Le Monde (Paris), via Middle East Online (distributed by Agence Global) - The attack on Gaza has many reference points with the Lebanese war of Summer 2006, from which Israel’s leaders obviously learnt lessons. Not strategically, for to do that they would have had to take those infamous “painful decisions” -- in fact the straightforward application of international law -- as the basis of a lasting peace with their neighbours. But they avoided repeating military errors and were much more prepared for the communications battle. With internal sources tight-lipped, journalists were denied access to the Gaza strip, keeping images of victims from TV screens. A widespread propaganda offensive beyond Israel completed the package.
“A new information directorate was established to influence the media, with some success,” the Observer noted. “And when the attack began…a tide of diplomats, lobby groups, bloggers and other supporters of Israel were unleashed to hammer home a handful of carefully crafted core messages.” The PR operation’s kingpin, former UN ambassador Dan Gillerman, said in the same report: “I have never seen… the foreign ministry, the defence ministry, the prime minister’s office, the police or the army work in such effective coordination.”
Self-defence The key word. Israel repeatedly stressed that no state would sit by and allow its population to live in fear of enemy rockets. It goes without saying that any government faced by such a situation would react -- but how? By starting a much bloodier war, or by negotiating a lasting truce? For the past 60 years Tel Aviv has been waging war stating “I have no choice” – in Hebrew, ein brera. Now, more than ever, the opposite is true: Palestinians formally recognised their neighbour in 1988, while the Arab world extended a hand of friendship in 2002, offering Israel total normalisation in exchange for leaving the occupied territories. And if the Israelis have the right to self-defence, so too do the Palestinians.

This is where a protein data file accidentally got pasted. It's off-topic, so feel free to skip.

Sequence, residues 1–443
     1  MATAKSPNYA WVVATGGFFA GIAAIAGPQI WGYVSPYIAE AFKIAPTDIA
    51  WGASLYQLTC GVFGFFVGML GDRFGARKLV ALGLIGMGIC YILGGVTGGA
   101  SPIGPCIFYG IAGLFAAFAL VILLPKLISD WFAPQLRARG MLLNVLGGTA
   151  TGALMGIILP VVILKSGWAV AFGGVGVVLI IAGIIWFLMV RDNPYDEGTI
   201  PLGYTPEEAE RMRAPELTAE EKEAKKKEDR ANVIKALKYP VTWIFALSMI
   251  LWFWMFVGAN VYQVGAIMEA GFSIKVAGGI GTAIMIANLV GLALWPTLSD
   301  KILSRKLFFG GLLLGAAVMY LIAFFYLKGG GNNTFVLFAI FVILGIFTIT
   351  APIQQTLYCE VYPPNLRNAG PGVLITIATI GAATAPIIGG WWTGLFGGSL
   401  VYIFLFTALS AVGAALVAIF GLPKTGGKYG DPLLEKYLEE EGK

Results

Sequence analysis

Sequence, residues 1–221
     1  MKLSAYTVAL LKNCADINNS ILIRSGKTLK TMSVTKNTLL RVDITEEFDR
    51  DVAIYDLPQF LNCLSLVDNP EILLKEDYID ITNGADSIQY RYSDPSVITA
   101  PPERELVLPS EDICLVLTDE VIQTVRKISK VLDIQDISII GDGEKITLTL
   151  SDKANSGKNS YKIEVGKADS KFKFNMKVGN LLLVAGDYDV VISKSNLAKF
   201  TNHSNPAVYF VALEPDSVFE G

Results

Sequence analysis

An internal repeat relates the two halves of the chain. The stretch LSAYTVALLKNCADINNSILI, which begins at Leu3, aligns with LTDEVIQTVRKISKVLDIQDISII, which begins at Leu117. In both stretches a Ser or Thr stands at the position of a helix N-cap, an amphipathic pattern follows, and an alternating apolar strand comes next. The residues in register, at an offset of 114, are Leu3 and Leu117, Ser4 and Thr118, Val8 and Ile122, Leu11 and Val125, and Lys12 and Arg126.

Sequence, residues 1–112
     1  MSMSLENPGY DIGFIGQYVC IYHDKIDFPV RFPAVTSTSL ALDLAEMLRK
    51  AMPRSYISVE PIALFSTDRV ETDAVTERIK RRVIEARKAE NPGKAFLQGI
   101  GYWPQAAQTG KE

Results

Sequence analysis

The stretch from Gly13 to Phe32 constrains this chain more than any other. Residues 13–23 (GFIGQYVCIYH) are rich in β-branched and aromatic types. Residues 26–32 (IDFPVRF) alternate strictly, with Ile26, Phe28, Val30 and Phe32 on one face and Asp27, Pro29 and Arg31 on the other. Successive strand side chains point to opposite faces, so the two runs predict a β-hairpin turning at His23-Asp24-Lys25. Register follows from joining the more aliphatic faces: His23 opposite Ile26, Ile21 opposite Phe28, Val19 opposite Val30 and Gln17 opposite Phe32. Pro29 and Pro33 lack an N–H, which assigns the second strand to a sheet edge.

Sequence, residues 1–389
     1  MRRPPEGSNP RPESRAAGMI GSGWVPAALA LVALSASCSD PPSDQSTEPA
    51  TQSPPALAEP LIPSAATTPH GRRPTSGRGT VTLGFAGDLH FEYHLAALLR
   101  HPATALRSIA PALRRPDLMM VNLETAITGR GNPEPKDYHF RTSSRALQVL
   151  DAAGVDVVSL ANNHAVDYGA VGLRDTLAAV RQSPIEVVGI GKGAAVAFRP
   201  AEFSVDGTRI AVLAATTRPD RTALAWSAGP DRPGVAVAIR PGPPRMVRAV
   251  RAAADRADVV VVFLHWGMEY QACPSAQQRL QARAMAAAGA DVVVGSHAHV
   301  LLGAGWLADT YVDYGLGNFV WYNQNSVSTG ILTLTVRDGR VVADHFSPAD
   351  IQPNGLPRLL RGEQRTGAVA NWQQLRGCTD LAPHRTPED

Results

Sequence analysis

Breakdown Tel Aviv’s spokespeople, diplomats and journalists repeated the mantra that Hamas had broken the truce -- forgetting that Operation Cast Lead was, according to Ehud Barak, planned six months before the attacks. Nobody, not even the Israeli ministry of foreign affairs, denies that Islamist militants had held fire until the end of October 2008. It’s true that rockets started again in November. The conveniently forgotten reason was that the Israeli army staged an operation on 4 November, which claimed the lives of six Hamas combatants. Another rarely mentioned fact: The cease-fire should have gone hand-in-hand with ending the Gaza blockade and reopening frontiers -- which Israel never accepted. Worse, the embargo became almost total in the final months to the point where, even before the 27 December offensive, four-fifths of Gaza’s population was dependant on UN food aid. Following the offensive, supplies of water, fuel, electricity and basic foodstuffs dwindled away.
[For the remaining messages--the blockade, lack of proportionality, balance, civilians, hatred, community impact, anti-Semitism, and peace, see the full article at the link.]
Dominique Vidal is a journalist with a special focus on the Middle East region -- translated by Robert Waterhouse.